As the heavens for height, and the earth for depth,
so the heart of kings is unsearchable.
At times we may think the world is out of control. In reality, from a Christian perspective, God is ruling the nations, even the very hearts of the kings and rulers.
In Proverbs 25:2-3 we observe the contrast between God and the kings; specifically, that God doesn’t need to search out or investigate matters, for he knows all things past, present and future. This is the “glory” or “weightiness” of God. It is so grand that we can’t comprehend it because of our finite minds.
On the other hand, a king needs to investigate matters because he rules over all matters. In ancient times, a king ruled with all executive, legistive, and judicial powers. Therefore, he was called upon to examine matters of dispute. Remember the instance of Solomon, the great ruler of Israel, when he called for a sword to divide a living child so that he could discover the true mother. To Solomon, this is what makes a king honorable. Implicit with this contrast, however is where the king gets this wisom. Indeed, he receives that from the source of “all wisdom and knowledge.” No man gives this to God, for he is sufficient in and of himself. The rulers themselves do not have this knowledge apart from their Creator.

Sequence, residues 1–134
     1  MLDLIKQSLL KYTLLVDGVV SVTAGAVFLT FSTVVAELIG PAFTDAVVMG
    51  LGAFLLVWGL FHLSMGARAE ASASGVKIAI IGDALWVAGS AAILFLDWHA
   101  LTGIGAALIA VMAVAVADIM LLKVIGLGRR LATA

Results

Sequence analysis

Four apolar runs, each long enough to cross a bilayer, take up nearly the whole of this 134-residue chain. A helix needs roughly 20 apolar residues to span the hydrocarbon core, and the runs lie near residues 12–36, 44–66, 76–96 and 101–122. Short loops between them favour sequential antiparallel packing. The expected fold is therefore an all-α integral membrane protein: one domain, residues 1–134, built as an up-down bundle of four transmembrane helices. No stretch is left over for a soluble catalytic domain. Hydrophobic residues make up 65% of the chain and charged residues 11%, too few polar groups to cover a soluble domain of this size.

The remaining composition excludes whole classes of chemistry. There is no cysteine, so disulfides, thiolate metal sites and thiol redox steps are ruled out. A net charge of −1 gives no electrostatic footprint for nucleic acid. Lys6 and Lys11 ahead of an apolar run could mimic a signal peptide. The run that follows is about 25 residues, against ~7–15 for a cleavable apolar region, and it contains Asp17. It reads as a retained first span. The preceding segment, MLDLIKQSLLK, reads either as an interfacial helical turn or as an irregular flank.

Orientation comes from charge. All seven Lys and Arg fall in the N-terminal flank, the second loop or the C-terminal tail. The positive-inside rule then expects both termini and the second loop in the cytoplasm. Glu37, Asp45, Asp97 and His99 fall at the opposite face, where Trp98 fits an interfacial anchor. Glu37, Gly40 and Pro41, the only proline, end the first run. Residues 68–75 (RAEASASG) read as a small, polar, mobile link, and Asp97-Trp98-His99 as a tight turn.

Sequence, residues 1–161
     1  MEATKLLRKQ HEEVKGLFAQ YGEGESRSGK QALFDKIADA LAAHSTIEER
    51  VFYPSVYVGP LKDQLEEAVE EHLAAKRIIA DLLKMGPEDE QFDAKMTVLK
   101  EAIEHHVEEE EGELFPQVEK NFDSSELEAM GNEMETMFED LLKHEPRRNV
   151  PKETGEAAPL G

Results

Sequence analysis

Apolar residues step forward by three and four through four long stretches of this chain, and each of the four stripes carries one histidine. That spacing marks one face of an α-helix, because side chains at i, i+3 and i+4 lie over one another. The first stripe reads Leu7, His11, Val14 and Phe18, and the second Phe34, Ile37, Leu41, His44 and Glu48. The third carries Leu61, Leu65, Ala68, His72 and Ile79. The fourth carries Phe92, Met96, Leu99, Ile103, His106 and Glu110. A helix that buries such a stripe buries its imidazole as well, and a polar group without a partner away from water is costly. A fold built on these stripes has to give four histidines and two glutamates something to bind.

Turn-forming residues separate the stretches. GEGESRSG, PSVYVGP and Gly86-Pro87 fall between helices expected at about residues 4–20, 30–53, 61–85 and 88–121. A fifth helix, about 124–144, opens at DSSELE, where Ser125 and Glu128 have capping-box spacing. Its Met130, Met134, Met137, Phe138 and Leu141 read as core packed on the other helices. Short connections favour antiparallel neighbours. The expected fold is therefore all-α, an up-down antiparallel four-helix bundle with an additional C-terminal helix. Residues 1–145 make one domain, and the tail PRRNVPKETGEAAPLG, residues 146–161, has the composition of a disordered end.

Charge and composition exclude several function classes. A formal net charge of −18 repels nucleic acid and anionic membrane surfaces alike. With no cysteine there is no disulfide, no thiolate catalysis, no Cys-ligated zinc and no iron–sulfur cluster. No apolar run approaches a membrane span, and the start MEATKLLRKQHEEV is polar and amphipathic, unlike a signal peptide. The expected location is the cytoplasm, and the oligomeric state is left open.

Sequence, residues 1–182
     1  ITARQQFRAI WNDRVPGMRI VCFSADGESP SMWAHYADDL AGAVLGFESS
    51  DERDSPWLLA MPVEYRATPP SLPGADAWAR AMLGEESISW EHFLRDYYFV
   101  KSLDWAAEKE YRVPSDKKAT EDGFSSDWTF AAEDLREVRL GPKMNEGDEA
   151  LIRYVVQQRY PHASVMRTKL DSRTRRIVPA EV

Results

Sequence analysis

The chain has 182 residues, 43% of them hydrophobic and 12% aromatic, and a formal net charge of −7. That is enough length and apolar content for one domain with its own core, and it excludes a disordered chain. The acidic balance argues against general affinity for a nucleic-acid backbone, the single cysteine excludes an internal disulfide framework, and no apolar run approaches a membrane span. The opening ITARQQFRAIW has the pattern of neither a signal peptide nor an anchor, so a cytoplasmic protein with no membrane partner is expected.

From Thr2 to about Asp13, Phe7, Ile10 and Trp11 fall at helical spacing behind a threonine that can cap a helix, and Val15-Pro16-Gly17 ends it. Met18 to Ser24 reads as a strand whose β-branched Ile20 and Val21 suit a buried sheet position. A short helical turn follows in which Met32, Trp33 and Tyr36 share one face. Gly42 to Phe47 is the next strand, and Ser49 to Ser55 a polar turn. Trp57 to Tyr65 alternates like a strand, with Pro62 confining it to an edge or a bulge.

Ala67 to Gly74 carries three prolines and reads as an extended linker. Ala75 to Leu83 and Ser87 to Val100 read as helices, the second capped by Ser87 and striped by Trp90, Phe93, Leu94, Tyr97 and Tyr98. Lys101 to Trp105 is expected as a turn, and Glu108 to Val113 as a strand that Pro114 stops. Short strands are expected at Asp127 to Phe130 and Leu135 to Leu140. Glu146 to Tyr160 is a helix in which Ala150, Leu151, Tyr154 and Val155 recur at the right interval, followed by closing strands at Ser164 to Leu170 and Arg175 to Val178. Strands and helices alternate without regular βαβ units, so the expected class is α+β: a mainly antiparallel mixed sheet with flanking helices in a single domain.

Let us, then, honor, respect, and pray for our rulers, knowing that from their decisions the world will be kept in harmony with the sovereign God’s purposes and plans. "For he (the ruler and king) is God’s servant to do you good" (Romans 13:4).
© 2021 Tenth Presbyterian Church.
Permissions: You are permitted and encouraged to reproduce and distribute this material in its entirety or in unaltered excerpts, as long as you do not charge a fee. For Internet posting, please use only unaltered excerpts (not the content in its entirety) and provide a hyperlink to this page. Any exceptions to the above must be approved by Tenth Presbyterian Church.
Please include the following statement on any distributed copy: By George McFarland. © 2021 Tenth Presbyterian Church. Website: tenth.org